The basic plot is simple enough. Sam lives a comfortable enough life within usual teen concerns with the before mentioned ‘well-intentioned’ but very job focused parents (pretty typical for many today). His elder brother Jason is appropriately golden with all the physical and social gifts a 16-17 year old boy could presumably desire and Sam worships him. In a key scene, suspicions are realised when Jason tells his deliberately assembled family that he has always felt as a girl, that his feelings and beliefs are  dominating him and he seeks their support and understanding as Jessica. It doesn’t happen and events spiral at school, in the home and on the media scene to create very real tensions from which Jason (now Jessica) initially finds little enough support and understanding (his father even considers electroshock treatment!). The conclusion is dramatic, not unanticipated and somewhat forced involving a response from Jessica that explains the extreme ire of trans persons and supporters – no spoiler here.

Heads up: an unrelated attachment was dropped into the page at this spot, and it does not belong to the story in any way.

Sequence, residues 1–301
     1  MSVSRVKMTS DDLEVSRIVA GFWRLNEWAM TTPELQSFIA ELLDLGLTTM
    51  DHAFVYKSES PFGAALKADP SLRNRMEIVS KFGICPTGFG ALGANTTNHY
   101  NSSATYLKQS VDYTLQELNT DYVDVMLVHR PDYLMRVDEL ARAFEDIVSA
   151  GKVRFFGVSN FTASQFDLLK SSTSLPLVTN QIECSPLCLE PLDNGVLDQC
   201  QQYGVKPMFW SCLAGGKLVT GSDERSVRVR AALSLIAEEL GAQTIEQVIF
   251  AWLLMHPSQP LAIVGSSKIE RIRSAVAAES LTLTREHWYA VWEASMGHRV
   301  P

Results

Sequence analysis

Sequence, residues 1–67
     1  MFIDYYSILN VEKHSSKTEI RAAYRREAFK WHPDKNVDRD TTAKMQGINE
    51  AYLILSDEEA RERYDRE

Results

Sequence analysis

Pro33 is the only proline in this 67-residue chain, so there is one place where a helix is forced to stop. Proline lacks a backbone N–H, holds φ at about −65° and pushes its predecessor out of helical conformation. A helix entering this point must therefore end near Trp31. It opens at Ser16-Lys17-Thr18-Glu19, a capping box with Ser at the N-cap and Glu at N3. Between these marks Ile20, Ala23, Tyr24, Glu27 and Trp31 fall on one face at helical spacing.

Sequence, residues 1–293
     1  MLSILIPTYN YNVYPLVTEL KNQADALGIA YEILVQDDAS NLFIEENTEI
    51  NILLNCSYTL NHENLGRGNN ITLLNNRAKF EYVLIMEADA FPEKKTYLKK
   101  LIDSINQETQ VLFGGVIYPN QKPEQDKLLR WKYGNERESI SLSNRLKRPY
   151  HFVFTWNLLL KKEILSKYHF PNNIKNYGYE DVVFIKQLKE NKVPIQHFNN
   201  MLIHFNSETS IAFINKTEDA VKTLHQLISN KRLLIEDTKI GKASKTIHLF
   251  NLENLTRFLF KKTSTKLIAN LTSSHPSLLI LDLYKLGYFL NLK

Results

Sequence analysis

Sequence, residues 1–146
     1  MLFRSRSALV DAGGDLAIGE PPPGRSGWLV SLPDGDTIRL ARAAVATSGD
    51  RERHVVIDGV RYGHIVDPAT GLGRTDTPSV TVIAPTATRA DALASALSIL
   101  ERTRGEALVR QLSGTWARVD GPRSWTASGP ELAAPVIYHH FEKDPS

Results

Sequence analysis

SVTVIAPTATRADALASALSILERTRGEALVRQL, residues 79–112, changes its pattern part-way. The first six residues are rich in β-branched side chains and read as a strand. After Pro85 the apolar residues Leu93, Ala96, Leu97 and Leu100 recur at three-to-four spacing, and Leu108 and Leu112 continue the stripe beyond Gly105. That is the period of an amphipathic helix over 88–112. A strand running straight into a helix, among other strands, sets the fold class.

I found this to be a flawed work for the reasons indicated above but would not put off anyone reading it. I think adolescents reading it would need to be able to debrief and talk through the issues raised in more depth if read as a starter. One key complaint is that we don’t get to see and feel enough from Jessica’s point of view and I have to agree with that. Treating both Sam and Jessica’s experience might have needed more work and pruning that would be difficult in this young adult genre and should perhaps be tackled in a longer, more complex work.

I do recommend it as an ‘initiator’ that might encourage readers of all ages to look more carefully and deeply at how they feel and respond to transitioning persons of all ages.